So why don’t saline makers just add capacity? The FDA has also been working with the country’s three manufacturers to do this, but as straightforward as it would seem, it’s not so easy to ramp up production of salt water. Jensen, of the FDA, says it’s “complicated” because of the need to ensure the solution is sterile. Baxter notes the manufacturing process is “complex and time-intensive,” and consists of 29 steps—conducted over 10 days—to produce each batch of sterile solution. There are also 350 regulatory checks along the way.
Even so, Baxter has invested in additional manufacturing capacity; it will come online later this year, though Deborah Spak, the company’s Global Communications Director says “it is difficult to estimate how much it will benefit supply.”
Cathy Denning, a senior vice president of sourcing at Novation, a Texas-based GPO—a contracting organization that operates as a middleman between drug wholesalers and healthcare providers—says it’s the demands of the production process, not from the market, that have actually led to the saline shortage. She says the problem began two or so years ago, when the FDA increased scrutiny of IV fluid manufacturers. Particulate matter was found in products, which she says “threw us into this rolling back order situation.”
Some, however, suspect a more fundamental economic problem when it comes to the Great Saline Shortage of 2013–2015. Robert Campbell, president of the Pennsylvania Society of Anesthesiologists and Chairman of Physicians Against Drug Shortages (PADS), concludes—and has previously argued on Fortune.com—that the scarcity of saline solution (and other drugs) is due to the simple fact that there is no free market for saline. The five biggest GPOs have outsize control over the drug supply. Campbell contends that these organizations, which collect fees from vendors and manufacturers, have trimmed the already thin margins of generic drug makers, eroding their ability to invest, and in some cases, continue production. In 2014, the Government Accountability Office identified this as an underlying cause of the drug shortages as well. Novation’s Denning dismisses such talk and says the reality is far more complicated. GPOs like Novation, she says, have worked on behalf of hospitals for 30 years to help them “access the products they need to treat patients in a manner that helps lower overall health care cost.”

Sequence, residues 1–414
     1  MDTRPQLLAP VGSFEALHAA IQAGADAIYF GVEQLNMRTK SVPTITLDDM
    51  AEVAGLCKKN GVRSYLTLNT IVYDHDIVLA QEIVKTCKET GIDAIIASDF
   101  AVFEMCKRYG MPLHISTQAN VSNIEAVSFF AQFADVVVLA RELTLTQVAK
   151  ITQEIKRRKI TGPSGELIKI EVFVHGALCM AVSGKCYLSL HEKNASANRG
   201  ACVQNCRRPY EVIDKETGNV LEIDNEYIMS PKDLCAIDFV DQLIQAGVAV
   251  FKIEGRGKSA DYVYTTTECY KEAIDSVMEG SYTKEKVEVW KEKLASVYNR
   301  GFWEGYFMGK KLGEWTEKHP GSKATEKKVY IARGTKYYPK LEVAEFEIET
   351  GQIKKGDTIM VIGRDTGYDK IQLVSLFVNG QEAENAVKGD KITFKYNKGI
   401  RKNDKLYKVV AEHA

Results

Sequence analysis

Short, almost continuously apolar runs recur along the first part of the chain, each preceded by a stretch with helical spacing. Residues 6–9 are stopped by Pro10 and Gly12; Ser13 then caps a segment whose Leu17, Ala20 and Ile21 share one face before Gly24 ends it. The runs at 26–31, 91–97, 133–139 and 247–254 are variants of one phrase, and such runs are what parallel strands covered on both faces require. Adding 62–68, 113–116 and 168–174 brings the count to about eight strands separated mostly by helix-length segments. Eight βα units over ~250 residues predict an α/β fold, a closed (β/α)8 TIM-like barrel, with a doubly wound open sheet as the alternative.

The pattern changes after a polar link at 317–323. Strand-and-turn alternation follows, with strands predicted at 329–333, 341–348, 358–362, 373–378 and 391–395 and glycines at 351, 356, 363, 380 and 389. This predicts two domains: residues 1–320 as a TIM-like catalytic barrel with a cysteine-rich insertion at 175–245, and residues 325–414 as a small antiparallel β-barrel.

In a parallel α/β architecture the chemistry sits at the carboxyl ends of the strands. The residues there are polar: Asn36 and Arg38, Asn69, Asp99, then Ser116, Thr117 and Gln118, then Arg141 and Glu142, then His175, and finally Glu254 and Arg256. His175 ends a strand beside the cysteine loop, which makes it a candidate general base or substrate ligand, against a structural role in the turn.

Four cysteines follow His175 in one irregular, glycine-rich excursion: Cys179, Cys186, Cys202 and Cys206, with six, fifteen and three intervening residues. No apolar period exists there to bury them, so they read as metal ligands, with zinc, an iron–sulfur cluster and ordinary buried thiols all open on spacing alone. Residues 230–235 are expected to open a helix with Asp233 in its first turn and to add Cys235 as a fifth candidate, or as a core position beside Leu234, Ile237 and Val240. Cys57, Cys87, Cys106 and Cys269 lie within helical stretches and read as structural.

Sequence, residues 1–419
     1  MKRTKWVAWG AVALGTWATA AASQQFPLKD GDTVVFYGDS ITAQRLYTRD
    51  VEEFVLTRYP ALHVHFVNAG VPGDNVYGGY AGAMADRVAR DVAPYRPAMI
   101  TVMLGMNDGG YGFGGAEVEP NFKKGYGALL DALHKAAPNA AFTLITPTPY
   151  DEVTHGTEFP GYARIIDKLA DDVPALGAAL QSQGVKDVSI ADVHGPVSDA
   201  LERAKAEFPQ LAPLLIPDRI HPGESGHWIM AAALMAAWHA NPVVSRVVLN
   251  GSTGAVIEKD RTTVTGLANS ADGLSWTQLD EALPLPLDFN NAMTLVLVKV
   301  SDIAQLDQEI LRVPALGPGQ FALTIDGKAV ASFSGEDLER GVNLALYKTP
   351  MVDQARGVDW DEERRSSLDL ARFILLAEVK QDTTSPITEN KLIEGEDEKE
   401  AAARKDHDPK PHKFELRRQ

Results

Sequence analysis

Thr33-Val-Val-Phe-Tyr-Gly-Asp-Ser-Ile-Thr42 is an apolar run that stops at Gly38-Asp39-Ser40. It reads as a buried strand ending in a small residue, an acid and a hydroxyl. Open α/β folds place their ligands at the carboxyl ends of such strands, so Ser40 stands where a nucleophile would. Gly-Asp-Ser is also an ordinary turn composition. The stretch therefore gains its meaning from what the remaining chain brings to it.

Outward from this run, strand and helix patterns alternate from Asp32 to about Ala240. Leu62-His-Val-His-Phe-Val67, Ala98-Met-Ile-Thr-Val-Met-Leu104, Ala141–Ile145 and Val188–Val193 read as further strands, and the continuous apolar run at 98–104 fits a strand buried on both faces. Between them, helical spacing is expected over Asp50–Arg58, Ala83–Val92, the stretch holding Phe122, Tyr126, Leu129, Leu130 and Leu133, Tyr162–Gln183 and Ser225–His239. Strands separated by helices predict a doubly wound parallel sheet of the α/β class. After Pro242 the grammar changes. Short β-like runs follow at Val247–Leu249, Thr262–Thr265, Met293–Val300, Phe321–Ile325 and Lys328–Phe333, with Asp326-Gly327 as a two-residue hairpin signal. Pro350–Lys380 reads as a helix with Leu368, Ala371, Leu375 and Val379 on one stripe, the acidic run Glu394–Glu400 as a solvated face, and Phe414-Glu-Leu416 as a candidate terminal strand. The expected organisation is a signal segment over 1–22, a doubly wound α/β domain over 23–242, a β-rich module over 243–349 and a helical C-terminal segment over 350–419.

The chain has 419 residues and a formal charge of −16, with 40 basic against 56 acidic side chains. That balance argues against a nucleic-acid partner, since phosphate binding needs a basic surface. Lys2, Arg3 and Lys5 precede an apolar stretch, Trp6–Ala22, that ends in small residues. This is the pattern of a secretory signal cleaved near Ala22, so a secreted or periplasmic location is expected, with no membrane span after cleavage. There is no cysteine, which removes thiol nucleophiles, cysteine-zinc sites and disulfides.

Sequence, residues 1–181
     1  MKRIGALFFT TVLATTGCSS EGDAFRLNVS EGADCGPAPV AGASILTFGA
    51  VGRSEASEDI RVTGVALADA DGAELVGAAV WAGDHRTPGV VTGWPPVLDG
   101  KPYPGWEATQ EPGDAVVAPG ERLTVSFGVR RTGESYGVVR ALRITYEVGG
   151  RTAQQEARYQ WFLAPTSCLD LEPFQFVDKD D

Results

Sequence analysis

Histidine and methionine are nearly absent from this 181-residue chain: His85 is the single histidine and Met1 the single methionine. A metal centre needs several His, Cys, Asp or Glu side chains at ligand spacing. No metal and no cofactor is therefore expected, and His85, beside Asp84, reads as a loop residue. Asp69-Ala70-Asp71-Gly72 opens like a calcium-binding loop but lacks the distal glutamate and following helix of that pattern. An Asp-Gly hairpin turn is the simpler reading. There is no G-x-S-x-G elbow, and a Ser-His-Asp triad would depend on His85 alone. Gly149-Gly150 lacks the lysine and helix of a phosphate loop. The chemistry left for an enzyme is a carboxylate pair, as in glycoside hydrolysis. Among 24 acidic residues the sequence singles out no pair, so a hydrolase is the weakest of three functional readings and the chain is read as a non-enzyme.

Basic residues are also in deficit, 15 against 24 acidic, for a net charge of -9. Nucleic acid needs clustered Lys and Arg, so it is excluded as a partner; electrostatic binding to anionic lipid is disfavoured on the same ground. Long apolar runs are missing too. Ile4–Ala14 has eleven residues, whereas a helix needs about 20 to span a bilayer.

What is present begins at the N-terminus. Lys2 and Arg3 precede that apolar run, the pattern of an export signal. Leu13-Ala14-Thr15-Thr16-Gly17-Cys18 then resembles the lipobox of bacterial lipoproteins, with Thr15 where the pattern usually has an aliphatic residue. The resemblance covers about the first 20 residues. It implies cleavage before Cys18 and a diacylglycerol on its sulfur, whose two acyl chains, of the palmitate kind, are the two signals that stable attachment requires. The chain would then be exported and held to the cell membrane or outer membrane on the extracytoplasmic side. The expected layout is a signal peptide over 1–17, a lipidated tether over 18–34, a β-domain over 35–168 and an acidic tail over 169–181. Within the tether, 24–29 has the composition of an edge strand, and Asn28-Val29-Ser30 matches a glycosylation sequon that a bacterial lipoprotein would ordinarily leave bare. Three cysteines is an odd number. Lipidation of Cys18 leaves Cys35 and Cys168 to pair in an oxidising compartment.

For now, healthcare providers are left scratching their heads and making do with the supply of saline they have. The shortage “is an odd one,” says Cindy Mitman, Assistant Director of Pharmacy Operations at Lehigh Valley Health Network in Pennsylvania.
Interestingly, amid this scarcity, there’s a small, but burgeoning business in providing IV therapy for people suffering from a, perhaps, less deadly ailment: hangovers. Companies like the Las Vegas-based Hangover Heaven and New York-based Hangover Club make house calls, or provide services from mobile units—usually a bus. Customers suffering from a long night out are hooked up to IV drips that contain saline solution and often a vitamin cocktail. (Some of those cocktails make the drug shortage list, too.)
The I.V. Doc, which opened a little over a year ago in New York City, has 200 employees and expanded to the Hamptons, Chicago, LA, and San Francisco (they provided service to Sundance-goers in Park City, Utah, last week as well). Adam Nadelson, the company’s CEO and Chief Medical Officer, says while its early customers often sought drinking-related relief, he now gets calls, just as often, from people with the flu, who would rather be treated at home than at the hospital. He emphasizes the company has nothing do to with saline solution shortage.
Hangover Club founder Asa Kitfield says the saline shortfall has made business a little tougher in terms of finding the sterile salt water, but not impossible. “There’s definitely excess supply. You just have to pay extra for it.”